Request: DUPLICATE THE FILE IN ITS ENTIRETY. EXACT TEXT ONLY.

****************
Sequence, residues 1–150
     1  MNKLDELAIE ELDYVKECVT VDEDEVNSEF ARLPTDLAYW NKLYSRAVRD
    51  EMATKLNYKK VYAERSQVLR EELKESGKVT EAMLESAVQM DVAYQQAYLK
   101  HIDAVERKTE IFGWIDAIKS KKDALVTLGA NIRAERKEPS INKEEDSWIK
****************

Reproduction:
Sequence, residues 1–150
     1  MNKLDELAIE ELDYVKECVT VDEDEVNSEF ARLPTDLAYW NKLYSRAVRD
    51  EMATKLNYKK VYAERSQVLR EELKESGKVT EAMLESAVQM DVAYQQAYLK
   101  HIDAVERKTE IFGWIDAIKS KKDALVTLGA NIRAERKEPS INKEEDSWIK